Number of Jobs
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|Best Social Services Jobs||#1|
|The 100 Best Jobs||#31|
School psychologists do much more than assist concerned parents and administrators with the academic struggles of a student. They also review test scores to help decide whether a child qualifies for special services, diagnose mental disorders and learning disabilities and help treat behavioral and emotional problems with therapy. They can bear a heavy load, especially when students are struggling with family and mental health problems. School psychologists generally work within school systems, although some also work in private practice, at local mental health agencies or in residential treatment centers.
The Bureau of Labor Statistics reports that 16,400 new school psychologist jobs will be added between 2012 and 2022, for an employment growth rate of 11.3 percent. Part of that expansion comes from the increasing demands from students with learning disabilities, special needs and behavioral issues.
According to the BLS, school psychologists earned a median salary of $67,650 in 2012. The best-paid earned about $109,340 while the lowest-paid earned less than $38,450. Top-paying areas of the industry include business schools and computer and management training, employment services and retirement communities. The best-paid school psychologists work in Allentown, Pa., San Luis Obispo, Calif. and Boulder, Colo.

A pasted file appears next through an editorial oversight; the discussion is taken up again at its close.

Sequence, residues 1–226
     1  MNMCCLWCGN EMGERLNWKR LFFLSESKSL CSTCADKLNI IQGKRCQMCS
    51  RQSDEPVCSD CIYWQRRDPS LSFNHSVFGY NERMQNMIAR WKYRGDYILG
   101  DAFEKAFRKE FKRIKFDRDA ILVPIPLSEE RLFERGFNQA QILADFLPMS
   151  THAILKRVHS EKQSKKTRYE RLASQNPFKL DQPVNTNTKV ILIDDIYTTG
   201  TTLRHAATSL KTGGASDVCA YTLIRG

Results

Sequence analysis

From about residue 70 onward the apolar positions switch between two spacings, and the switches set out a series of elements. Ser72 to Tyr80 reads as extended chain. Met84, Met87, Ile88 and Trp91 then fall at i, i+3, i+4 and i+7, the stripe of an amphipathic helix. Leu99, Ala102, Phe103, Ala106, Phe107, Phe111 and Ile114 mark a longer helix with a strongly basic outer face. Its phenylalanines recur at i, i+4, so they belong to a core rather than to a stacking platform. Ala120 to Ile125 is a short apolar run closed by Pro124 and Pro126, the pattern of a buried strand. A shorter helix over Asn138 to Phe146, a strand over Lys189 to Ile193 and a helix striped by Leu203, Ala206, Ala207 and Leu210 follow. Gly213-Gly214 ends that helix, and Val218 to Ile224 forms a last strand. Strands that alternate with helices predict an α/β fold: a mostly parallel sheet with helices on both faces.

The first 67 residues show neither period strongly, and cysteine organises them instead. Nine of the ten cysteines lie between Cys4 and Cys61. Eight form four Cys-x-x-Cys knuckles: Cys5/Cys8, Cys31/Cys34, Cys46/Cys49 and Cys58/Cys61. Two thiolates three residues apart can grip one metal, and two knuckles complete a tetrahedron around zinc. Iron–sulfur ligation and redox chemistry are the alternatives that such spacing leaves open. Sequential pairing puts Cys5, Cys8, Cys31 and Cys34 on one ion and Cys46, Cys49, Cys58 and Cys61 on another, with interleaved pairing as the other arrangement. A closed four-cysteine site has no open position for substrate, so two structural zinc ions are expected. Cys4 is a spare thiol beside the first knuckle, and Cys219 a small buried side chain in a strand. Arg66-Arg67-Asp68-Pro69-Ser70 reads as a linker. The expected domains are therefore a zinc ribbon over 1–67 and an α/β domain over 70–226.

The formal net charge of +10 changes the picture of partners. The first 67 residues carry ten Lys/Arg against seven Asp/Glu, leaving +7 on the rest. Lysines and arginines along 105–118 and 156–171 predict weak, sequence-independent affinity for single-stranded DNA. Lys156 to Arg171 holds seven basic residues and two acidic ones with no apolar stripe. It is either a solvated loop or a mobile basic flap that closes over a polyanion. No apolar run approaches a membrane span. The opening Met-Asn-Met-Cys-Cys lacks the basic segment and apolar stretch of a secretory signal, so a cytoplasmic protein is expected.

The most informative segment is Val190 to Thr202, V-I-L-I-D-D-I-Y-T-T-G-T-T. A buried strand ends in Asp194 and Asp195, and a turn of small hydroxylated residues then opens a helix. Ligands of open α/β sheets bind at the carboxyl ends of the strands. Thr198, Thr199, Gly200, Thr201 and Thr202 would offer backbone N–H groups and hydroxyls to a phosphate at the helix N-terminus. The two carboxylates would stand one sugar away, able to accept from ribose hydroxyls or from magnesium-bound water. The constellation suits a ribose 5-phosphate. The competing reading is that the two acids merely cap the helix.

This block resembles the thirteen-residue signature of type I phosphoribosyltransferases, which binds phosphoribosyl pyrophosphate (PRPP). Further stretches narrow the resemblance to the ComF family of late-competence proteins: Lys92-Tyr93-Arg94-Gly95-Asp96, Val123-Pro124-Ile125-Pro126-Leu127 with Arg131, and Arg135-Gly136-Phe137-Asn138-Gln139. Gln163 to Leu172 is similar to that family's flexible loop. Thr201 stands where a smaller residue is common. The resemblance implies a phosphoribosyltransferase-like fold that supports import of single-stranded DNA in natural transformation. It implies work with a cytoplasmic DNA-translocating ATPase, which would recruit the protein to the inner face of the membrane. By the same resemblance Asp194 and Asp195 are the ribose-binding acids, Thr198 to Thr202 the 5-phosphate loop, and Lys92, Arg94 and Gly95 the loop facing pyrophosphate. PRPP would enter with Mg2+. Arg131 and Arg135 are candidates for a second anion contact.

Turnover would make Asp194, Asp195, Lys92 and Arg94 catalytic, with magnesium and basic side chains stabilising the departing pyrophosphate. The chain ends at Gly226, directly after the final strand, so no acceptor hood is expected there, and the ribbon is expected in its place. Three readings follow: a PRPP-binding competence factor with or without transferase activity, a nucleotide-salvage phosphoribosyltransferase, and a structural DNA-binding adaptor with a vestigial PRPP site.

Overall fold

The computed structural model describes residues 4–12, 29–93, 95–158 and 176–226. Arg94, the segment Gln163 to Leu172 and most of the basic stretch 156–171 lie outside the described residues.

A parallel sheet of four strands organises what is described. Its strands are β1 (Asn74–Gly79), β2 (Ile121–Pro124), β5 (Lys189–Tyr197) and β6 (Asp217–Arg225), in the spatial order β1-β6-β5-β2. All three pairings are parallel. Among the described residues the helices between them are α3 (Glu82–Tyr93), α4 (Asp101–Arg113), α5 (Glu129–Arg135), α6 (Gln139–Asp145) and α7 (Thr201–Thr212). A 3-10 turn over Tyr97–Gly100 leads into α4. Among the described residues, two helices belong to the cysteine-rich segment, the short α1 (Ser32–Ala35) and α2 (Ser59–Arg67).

Nationally certified school psychologist hold master’s degrees and must also complete a three-year program, which includes 60 hours of coursework plus at least 1,200 internship hours. The internship is usually done at a school. A passing score on the Praxis II exam in school psychology is also required. While most school psychologists work with children, some go on to earn a doctorate in order to teach and study human behavior.
As they approach the end of their graduate programs, aspiring school psychologists embark on their internship. “For a lot of people, their internship turns into a job,” says Kelly Vaillancourt, director of government relations for the National Association of School Psychologists. While school budget cuts in recent years have slowed this trend, Vaillancourt notes that the shortage in school psychologists makes for an appealing job market: “It’s rare when school psychologists are unable to find employment.”
|Upward Mobility||good Above Average|
|Stress Level||poor Above Average|
|Flexibility||good Above Average|
Last updated by Kimberly Palmer.